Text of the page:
Autumn in Germany

Autumn must be one of the best times to travel through this beautiful part of rural Germany. We are leaving Proitze just in time – large groups of cranes fly overhead, tempting us to move southwards with them – we hear their eerie cries and then we see them in big V-formation, 50-200 birds at a time. It’s beautiful to watch them as they circle on a thermal wind to get higher up, then forming their long lines to set off South.

The migration of cranes usually means cold weather within a week or two, so it’s high time that we get going too…

If you want to see a typical part of Germany where at least, at first glance, one can think that man and landscape are living in pretty good harmony with each other, then start from the Wendland and drive South and slightly east from there, travelling through Thueringen and the Harz. The woodlands are stunning right now, the sunlight on the leaves of all colours creates a feast for the eyes. Last night, a big full moon rose out of the forest above the misty meadows, just like it should do in Germany, according to one of its most famous lullabies:

 

Der Mond ist aufgegangen

Die goldnen Sternlein prangen

Am Himmel hell und klar,

Der Wald steht Schwarz und schweiget

Und aus den Wiesen steiget

Der weisse Nebel wunderbar.

 

Full moon rising. Photo taken from inside the drivers cabin. the window's reflection of the sunset behind us can be seen in the sky above the moon.

Full moon rising. Photo taken from inside the driver’s cabin. the window’s reflection of the sunset behind us can be seen in the sky above the moon.

A frosty night with not a breath of wind, so all the beautiful leaves are still on the trees for us to enjoy as we travel from Helmstedt further South.

The next morning, the world is shrouded in a misty silence and remains so for most of the next two days as we cross first Sachsen-Anhalt and then Thueringen. Some of the trees are now bare, with a golden carpet beneath them. Forests appear out of the mist with the colours gradually materialising as we drive towards them. We stop overnight in Nordhausen where we spend some time in the beautiful new Library, catching up on news on the internet and sending long overdue emails.

We drive on, and as darkness settles in (shockingly early since the change from Summertime to Wintertime!) our conversation turns introspective. I’ve been wondering why here in Germany I don’t have the same drive to meet new people and make interesting connections, to stop and chat in the way that we’ve done in Spain or Portugal. Maybe it’s because they are my people? That I somehow feel there’s not much novelty in it for me, not so much to learn or discover? But talking to Frank I find out it’s the same for him. So maybe the people are not curious about us, so don’t seek a deeper contact with us. People are not unfriendly though….In the end, we realise that we are not yet going slowly enough to create the situations where we can truly meet people and be open for that special conversation. Last year it took us 6 weeks to slow down. This year, we haven’t had a chance yet to slow down, as October in Germany was interspersed with 3 weekend workshops and one whole week of Tango, necessitating criss-cross travel to get to the right place at the right time.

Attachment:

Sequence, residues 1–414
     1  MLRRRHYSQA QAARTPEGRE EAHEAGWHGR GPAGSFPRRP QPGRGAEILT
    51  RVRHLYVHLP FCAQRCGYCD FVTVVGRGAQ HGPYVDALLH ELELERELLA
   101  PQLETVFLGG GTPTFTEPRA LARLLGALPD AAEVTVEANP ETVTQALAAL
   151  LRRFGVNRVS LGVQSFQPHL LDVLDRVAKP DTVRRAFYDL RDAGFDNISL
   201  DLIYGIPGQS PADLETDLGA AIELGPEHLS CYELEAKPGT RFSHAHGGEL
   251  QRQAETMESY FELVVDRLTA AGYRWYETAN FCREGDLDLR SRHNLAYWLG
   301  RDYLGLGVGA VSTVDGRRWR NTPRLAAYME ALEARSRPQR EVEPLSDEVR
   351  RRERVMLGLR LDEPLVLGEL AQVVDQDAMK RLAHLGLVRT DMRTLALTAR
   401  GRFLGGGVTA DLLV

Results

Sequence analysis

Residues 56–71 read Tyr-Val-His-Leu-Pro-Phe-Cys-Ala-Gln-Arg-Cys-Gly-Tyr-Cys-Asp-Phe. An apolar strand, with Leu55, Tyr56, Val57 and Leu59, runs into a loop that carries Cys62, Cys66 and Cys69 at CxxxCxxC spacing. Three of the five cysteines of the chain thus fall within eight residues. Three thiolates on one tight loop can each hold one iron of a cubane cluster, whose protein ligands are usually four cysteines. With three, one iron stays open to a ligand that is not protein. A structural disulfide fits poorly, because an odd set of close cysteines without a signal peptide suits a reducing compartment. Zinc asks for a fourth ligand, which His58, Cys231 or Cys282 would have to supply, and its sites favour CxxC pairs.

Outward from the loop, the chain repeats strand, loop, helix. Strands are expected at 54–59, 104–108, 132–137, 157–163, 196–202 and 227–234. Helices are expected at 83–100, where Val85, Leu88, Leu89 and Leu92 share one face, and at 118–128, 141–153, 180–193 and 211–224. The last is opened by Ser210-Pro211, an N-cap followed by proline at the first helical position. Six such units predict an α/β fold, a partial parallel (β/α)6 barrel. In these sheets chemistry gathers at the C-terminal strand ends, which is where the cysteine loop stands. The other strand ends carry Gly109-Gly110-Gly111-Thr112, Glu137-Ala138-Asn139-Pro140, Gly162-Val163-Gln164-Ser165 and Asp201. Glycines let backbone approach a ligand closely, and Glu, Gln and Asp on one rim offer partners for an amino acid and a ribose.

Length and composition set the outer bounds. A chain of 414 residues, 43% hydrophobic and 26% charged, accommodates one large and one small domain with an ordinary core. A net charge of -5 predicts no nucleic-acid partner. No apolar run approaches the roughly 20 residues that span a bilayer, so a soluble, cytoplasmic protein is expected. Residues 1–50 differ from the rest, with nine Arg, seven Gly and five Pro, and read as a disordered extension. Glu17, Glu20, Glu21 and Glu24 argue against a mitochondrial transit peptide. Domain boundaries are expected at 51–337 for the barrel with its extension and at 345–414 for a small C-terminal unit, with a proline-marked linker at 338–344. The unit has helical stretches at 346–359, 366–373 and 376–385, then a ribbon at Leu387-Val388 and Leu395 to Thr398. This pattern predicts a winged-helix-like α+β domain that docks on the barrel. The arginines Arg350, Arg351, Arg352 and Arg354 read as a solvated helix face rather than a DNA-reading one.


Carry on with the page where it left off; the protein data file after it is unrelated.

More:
After this conversation, I meet a woman behind the till at a fuel station with another smile, another mind-set, and time to linger… with instant results :-)

 

Refuelled and with lots of info on local attractions, we travel on and plunge into another conversation of reflection, this time about relationships in the past and our fears and hopes when we were both younger. Frank is in the middle of talking about the year he took his one-man show on tour, when it happens. We are on a fairly straight stretch of road and someone comes towards us on our side of the road, at high speed. Frank and I see it at the same time. In this moment, time slows down. I take a deep in-breath and feel the full impact of the helpless inevitablility of the situation. Frank flashes the lights at the oncoming car. In the last moment, the car rights its path and swerves back to the other side of the road. We both breathe out. Another life has been granted to us, and to the person(s) in the other car. A reason to celebrate, and a sharp reminder never to take any moment for granted.


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Dresden (Frank’s Story)

Dresden – what an unexpected surprise! Hitherto my image of this city was born out of the extraordinary Kurt Vonnegut novel Slaughterhouse 5, about the systematic fire-bombing by the British, which ravaged the city in WWII. So, whilst Ruth was teaching a week-end Tango Musicality workshop for the wonderful Carsta and Alex – guest teachers at last Summer’s Mango – I got to explore… and found a thriving city full of grand buildings, museums, cathedrals etc, a lot of which had been painstakingly restored or re-built , before the wall came down, to their original design… such that I was fooled into thinking they had survived the war!

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I think it was Friedrich Augustus who first laid out the grand plan and I came across his golden statue on my wanderings. He had the reputation of being a strong ruler, who sired over 200 children !

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The weekend also coincided with the quarter-finals of the RWC and I went in search of an Irish pub, proudly sporting my Wales top and red scarf. I found 3, all run and owned by a Londoner who’d settled there 7 years ago. I soon hooked up with a very sociable Dresdener, Günnar, who turned out to be surprisingly knowledgeable about the game – the teams and individual players included! It turned out that the first of the 3 couldn’t get ITV, so we headed off for the second just in time for the build up to the match. Although there were a fair number of supporters settled in for the game, we still had to ask for the sound to be turned up – Rugby is virtually unheard of in Germany and there was a feeling that the management didn’t want to upset the clientele who’d simply come to eat… Anyway, it was a thrilling game which Wales narrowly lost to Australia, in spite of the very loud rendition every 15 minutes of ‘Hymns and Arias’, by the North Walian sat next to me! For the evening game Günnar and I had to de-camp to the 3rd pub, over the magnificent Elbe in the old town, now a warren of cafes, alternative eateries and shops.